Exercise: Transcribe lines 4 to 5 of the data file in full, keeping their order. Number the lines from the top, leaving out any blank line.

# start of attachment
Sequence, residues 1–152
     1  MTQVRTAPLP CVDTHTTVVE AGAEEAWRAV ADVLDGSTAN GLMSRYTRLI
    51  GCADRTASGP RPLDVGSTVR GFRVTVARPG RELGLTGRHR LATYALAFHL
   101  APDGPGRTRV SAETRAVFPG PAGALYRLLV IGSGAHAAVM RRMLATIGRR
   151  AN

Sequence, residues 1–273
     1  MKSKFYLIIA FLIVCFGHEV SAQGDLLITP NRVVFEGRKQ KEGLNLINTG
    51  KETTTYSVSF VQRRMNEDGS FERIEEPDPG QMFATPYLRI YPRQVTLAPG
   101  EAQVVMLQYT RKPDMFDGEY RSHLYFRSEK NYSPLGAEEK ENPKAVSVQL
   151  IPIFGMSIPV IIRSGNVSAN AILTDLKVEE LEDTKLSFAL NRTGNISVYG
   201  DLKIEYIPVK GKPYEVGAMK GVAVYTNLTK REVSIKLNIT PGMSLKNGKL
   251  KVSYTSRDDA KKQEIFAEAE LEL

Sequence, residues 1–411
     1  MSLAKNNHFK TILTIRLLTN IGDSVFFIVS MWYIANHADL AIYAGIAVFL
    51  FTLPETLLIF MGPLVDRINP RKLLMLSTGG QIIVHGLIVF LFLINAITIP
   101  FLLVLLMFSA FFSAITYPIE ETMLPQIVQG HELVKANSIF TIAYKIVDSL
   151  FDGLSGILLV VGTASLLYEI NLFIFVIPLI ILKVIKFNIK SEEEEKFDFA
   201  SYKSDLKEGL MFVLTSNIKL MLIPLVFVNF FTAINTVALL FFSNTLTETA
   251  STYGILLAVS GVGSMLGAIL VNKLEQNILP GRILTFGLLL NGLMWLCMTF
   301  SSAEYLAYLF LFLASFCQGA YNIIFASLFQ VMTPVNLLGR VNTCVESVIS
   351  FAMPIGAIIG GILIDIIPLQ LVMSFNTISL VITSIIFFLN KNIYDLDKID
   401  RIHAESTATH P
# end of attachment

   101  APDGPGRTRV SAETRAVFPG PAGALYRLLV IGSGAHAAVM RRMLATIGRR
   151  AN